2005 Daniel Kleinman (Director)[21]
2006 ---
2007 Ed Morris (Creative)[22]
2008 Juan Cabral (Creative)[23]
2009 No Award Given[24]
2010 Malcolm Gaskin (Creative)[25]
2011 Graham Fink (Creative)[3]
2012 Nick Gill (Creative)[4][26]
2013 Matt Gooden & Ben Walker (Creatives)[5][27]

List of Gold of Gold Award winners[edit]

Established in 1989 as 'The Big One',[7] and known from 1996 to 2011 as 'the Platinum Award', the currently named Gold of Golds is given to the single best advertising creative idea of the year (the only exception being 2008, when it was felt advertising agency Fallon deserved the award, having produced both the Cadbury Gorilla commercial and the Skoda Fabia Cake commercial in the same year [6]).

Year Winning Work Client Agency
1989 (The Big One) Relax[7] British Rail Saatchi & Saatchi
1990 (The Big One) Into the Valley/Israelites[8] Maxell Hutchins Film Company / Howell Henry Chaldecott Lury
1991 (The Big One) Club/Bar[9] Red Rock Cider GGT
1992 (The Big One) Shoes In Action[10] Reebok Lowe Howard Spink
1993 (The Big One) Reg on...[11] Regal, Imperial Tobacco Lowe Howard Spink
1994 (The Big One) Unexpected[12] Dunlop AMV BBDO / Tony Kaye Films
1995 --- --- ---
1996 (Platinum Award) Twister[13] Volvo AMV BBDO
1997 (Platinum Award) St George[7] Blackcurrant Tango HHCL & Partners
1998 (Platinum Award) Hiccups/Dentist/Chair/Guard/Tennis/Lamppost[14] Volkswagen UK BMP DDB
1999 --- --- ---
2000 --- --- ---
2001 (Platinum Award) Bear[17] John West Salmon Leo Burnett
2002 (Platinum Award) Sofa[18] Reebok Lowe
2003 (Platinum Award) Ball Skills/Mum/Diving/Babies/Monsters [8] John Smiths TBWA\London
2004 (Platinum Award) Cog[9] Honda Partizan / Wieden + Kennedy
2005 (Platinum Award) Grrr[10] Honda Wieden + Kennedy
2006 (Platinum Award) Balls[11] Sony Fallon
2007 (Platinum Award) No Award Given [12] N/A N/A
2008 (Platinum Award) Fallon[22] Fallon Fallon
2009 (Platinum Award) Wallace & Gromit[23] Harvey Nichols DDB
2010 (Platinum Award) Knife Crime[24] Metropolitan Police AMV BBDO
2011 (Platinum Award) Straight/Catch [13] Magners Red Brick Road
2012 (Gold of Golds) The Long Wait [14][26] John Lewis Partnership Adam & Eve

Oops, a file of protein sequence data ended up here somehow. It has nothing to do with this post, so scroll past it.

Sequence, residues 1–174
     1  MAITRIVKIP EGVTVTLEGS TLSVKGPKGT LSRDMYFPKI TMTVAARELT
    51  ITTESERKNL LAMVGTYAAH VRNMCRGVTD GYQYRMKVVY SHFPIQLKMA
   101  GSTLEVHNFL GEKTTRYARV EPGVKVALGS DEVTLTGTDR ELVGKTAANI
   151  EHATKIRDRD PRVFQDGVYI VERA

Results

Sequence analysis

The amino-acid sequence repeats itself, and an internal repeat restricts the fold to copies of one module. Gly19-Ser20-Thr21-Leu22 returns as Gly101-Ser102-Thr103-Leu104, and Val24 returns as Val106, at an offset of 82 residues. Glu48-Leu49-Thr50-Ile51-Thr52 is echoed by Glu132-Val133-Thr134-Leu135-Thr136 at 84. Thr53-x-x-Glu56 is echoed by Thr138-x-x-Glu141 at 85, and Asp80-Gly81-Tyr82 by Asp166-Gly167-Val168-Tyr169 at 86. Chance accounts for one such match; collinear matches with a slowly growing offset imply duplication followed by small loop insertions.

2013 (Gold of Golds) Don't Cover It Up [15][27] Refuge BBH London

Role Reversal Seminar[edit]

The Creative Circle Role Reversal Seminar was created in 1968[28] by Sam Rothenstein - a copywriter who believed that creative standards don't just depend on advertising agencies but on clients too.[28]

The concept of the course is simple: one of the best ways to understand someone is to put yourself in their shoes.[29] So, a group of middleweight marketers take on the role of an advertising agency creative department. While agency Creative Directors take on the role of the clients.[30]

The marketers are grouped into "Agency" teams and made to pitch against each other for a piece of business (as happens in the real world).[28] The "Agencies" are given a creative brief from a fictional client simultaneously. They then have 72 hours to conceive and produce a pitch-winning idea. This includes deciding upon a strategy and slogan, then creating and designing ad executions, across all media - they're then expected to film, edit, and present a television commercial in that time.[31]

Each "Agency" is assisted by a professional Creative Director, to keep them on track, and an Art Director (known as a "Tutor" or a "Wrist") to help them turn their ideas into visuals and storyboards. A film crew and production team are also on hand to help with the filming and editing of the commercial.[28]

After the 72 hours are up, the "Agency" teams pitch their ideas to the fictional clients - a consortium of real Creative Directors - who then select a winner.[31]